The past three years, I have written film reviews, commentaries on the changing film landscape, and annual Oscar predictions. There have been some fundamental changes within the film industry and elements of slow but concrete progress. For my final TSL column before leaving Claremont, I thought I would reflect on experiences both as a film columnist and member of TSL.
I write this piece with emphasis on the more mainstream, big-budget world of Hollywood that is heavily influenced by the awards shows, and run by major film executives and studios.
In 2016, there was public outcry over the near-total lack of representation of people of color among Academy Awards nominees (#OscarsSoWhite). Though perhaps prompted only by the need to respond to Oscars getting called out, noticeable change has happened in casting for films and recognition of achievement among both nominees and winners of the major awards shows in the past two years (think Jordan Peele, Viola Davis, Mahershala Ali, Guillermo del Toro, and Antonio González Iñárritu).
“Get Out” satirized the classic Hollywood horror/thriller model with a critical racial lens. And there was the phenomenon of “Black Panther,” that opened in mid-February and has made five times as much money as any other movie released in the United States in 2018. On top of that, it had a nearly all-black (and badass) cast.
There is still a significant lack of Chicanx/Latinx, Asian American Pacific Islander, and Indigenous folks in mainstream film, on and off camera. TV is perhaps different with the likes of “Jane the Virgin,” “Fresh off the Boat,” “Atlanta,” and “This Is Us.” The first-ever film with an all-Asian cast produced by Warner Brothers, “Crazy Rich Asians,” is set for release in August.
The greater amount of representation in TV series likely plays a part in why students across the 5Cs seem to prefer to watch TV shows on Netflix, rather than going to the movies, to relax. In addition to this, the cost of going to a movie theater may also play a role. Film critics strongly distance themselves from the idea that TV is better than movies.
Despite the movement toward increasing diversity in Hollywood, the most visible, and arguably most impactful ripple through Hollywood has been and continues to be the #MeToo movement.
However, I hope that the forces behind the movement, revelations, and changes in those with power inside the film industry do not lose momentum. The abrupt end to the careers of box-office heavyweights like Kevin Spacey and Jeffrey Tambor certainly seems to suggest that the studios, producers, and public relations machines of Hollywood have taken the movement seriously.
In fact, I hope other movements outside Hollywood that have taken root in my four years at Pomona College continue unimpeded, including the pursuit of liberation from sexual harassment and even more pervasive sexual assault on college campuses and in the food service, hospitality, and domestic services (housekeeping) industries.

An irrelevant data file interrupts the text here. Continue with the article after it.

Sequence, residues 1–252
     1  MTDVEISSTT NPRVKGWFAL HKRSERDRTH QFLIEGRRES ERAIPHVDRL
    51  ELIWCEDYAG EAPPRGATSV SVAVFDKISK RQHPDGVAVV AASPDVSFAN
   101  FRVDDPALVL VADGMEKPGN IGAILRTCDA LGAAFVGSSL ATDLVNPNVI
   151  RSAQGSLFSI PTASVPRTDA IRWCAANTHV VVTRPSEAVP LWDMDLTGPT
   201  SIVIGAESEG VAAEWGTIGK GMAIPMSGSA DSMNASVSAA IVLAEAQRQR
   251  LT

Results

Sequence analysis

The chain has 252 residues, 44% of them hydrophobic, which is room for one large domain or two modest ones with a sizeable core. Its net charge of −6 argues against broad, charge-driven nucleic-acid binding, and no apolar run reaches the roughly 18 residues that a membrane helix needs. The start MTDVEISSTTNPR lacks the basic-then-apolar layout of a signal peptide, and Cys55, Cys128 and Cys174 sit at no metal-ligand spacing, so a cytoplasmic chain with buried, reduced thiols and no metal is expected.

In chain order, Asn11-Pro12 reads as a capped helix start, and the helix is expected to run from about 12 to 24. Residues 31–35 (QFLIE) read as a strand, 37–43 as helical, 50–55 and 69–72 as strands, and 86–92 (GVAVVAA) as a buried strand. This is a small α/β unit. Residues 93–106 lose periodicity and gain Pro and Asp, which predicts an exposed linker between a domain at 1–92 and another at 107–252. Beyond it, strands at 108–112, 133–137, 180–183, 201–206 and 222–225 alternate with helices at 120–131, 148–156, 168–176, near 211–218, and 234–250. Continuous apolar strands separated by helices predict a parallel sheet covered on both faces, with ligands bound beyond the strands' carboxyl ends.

As a film columnist, I have evolved as well. I began inspired by and modeling my writing after Ann Hornaday, the movie critic at my hometown’s newspaper, The Washington Post.
My articles focused on one film at a time and examined technical aspects within the film — storyline, acting, cinematography, and score — with only minimal consideration for the broader implications beyond the film’s main subject.
I have since grown comfortable commenting on broader trends in filmmaking and the film industry. I have also become more well-versed in assessing the industry’s role in maintaining existing systems of domination and representation, while the film industry is occasionally pushing for radical change.
Changes in representation of filmmakers and the stories they bring to life have come largely through the labor of people of color, queer people, women, and intersections among these (for instance, Ava Duvernay, Raoul Peck, Dee Rees, Greta Gerwig).
I’ve also seen TSL struggle and change throughout these three years. There has been a growing inclusion of a variety of life and style perspectives, everything from sex and sexuality to TV and book reviews, and a greater emphasis on investigative reporting that brings in voices of 5C students experiences on these campuses.
And yet, some things have been slow to change. There is still a fundamental lack of institutional support for student journalism here, significantly the result of a lack of funding from each of the seven institutions TSL represents. This has surprised me, I must admit.
The paper has also only recently begun to include a more diverse group of voices and perspectives within its reporting. TSL should strive for a more intentional creation of space for international students’ perspectives on the impact of events happening around the world have on students within our communities.
I leave behind me a trail of critical analysis, dozens of joyous hours in the Laemmle movie theater, and to a great extent, a skepticism about the continuing role of the traditional film industry in popular culture, along with social and community movements.
More generally, I have begun to increasingly question more about whether mainstream film will ever be able to accurately represent the historical period we are living in. (That is not to say I won’t be watching the movies that will inevitably come about in the Trump era.)
It’s been an honor and a pleasure to provide commentary, analysis, and thoughts about a part of popular culture I love. I hope I have been successful at least in this: providing a critical eye toward a beautiful, imperfect medium. Thank you for reading.